Author: Catherine Brady
Release Date: February 28, 2009
Publisher: University of Nevada Press
Genre: Short Stories, Contemporary Fiction
From the publisher’s website:
The stories in this collection explore those moments when the seemingly fixed coordinates of our lives abruptly give way – when mother love fractures, a faithful husband abandons his family, a conscientious middle-class life implodes, or loyalty demands an excruciating sacrifice. The characters share a fundamental predicament, the struggle to name and embrace some faith that can break their fall. In equal measure, they hunger for and resist this elusive possibility and what it demands of them.
The Mechanics of Falling and Other Stories deals with a range of circumstances and relationships, and with characters who must decide what they are willing to risk for the sake of transformation, or for the right to refuse it. The stories trace the effort to traverse the boundaries between one state and another/–between conviction and self-doubt, recklessness and despair, resignation and rebellion. And each story propels the reader to imagine what will happen next, to register the unfinished and always precarious quality of every life.
I’m a fan of the short story format. I never really gave much thought to how skilled an author would need to be in order to give the reader a fully developed story, with characters and situations the reader would care about in just a few pages, but think about it. Without 300+ pages to develop a plot and interest a reader, you’d need to grab them quickly and make each word count. Catherine Brady does just that with The Mechanics of Falling and Other Stories, a collection of 11 short stories loosely connected by geography and by the theme of disappointment.
All the stories speak to the human condition and the frailties inherent in our relationships with others. While literary in tone, it is still highly readable and relatable. Each story is completely unique yet similar, with the common thread being that they are all populated with complex characters that seem worn down by life, who are struggling, who perhaps have compromised too much or made poor choices. A shift of some sort has taken place; their expectations haven’t been met and they are grasping at something, anything, to make things better, or at least to keep things from getting any worse.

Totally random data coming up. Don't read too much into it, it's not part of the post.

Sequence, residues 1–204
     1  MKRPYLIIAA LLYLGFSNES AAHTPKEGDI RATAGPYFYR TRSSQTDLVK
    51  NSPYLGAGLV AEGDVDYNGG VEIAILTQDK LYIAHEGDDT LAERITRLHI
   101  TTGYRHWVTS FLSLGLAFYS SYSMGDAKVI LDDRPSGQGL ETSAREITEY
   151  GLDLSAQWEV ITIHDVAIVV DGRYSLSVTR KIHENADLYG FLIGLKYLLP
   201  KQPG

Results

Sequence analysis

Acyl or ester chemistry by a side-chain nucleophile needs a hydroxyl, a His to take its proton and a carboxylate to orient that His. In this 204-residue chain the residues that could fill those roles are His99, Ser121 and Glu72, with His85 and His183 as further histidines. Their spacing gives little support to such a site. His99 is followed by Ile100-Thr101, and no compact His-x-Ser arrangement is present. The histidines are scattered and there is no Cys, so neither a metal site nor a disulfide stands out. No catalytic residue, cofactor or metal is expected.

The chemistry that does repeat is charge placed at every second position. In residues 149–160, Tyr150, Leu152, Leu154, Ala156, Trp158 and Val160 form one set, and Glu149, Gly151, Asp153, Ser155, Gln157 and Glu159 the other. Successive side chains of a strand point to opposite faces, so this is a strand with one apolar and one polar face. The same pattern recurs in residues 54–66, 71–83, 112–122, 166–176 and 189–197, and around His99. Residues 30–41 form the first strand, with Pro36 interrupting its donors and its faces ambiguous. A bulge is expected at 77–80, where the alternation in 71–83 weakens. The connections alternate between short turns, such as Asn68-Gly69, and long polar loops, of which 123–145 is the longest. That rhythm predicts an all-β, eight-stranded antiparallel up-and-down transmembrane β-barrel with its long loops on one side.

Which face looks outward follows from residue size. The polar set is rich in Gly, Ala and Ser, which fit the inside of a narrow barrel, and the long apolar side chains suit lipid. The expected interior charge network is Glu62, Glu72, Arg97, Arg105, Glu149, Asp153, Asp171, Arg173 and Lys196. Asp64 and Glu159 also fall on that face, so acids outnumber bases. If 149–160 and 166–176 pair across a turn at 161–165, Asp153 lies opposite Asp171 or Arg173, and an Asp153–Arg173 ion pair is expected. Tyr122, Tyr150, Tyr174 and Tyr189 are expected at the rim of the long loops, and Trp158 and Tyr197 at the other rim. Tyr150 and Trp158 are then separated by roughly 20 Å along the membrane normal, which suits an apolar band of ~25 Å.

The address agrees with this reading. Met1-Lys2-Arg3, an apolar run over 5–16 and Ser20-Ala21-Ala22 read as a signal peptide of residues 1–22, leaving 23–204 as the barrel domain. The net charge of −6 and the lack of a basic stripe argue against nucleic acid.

My favorite story in the collection is called Slender Little Thing, not only for its subject matter but for its structure. Ms. Brady uses an interesting technique, one I haven’t seen before. The first paragraph sets up the story of a woman named Cerise who became pregnant at 19 and, having no other marketable skills, took a job as a nanny for another family- raising someone else’s children in order to support herself and her daughter. Each sentence in the first paragraph is used to begin subsequent paragraphs.. so the second sentence in the first paragraph becomes the first sentence of the next paragraph, and so on. I’m having difficulty explaining this coherently, but it was a really effective use of repetition and not at all gimmicky. It seemed nearly poetic and reminded me of a thing I often do myself, repeating something like “Everything will be ok” in my mind in order to convince myself that it’s true.
Catherine Brady has a rare talent. Not only was she able to make me care about her characters, but she also made me wonder what they’d do next, and thoughts of them still linger in my head days after finishing this collection. Her stories grabbed me from the very first paragraph. Beautifully written and thoughtfully constructed, this is a collection I’d recommend to anyone who enjoys fiction in any form.
Please check out my Q & A with Catherine Brady HERE.
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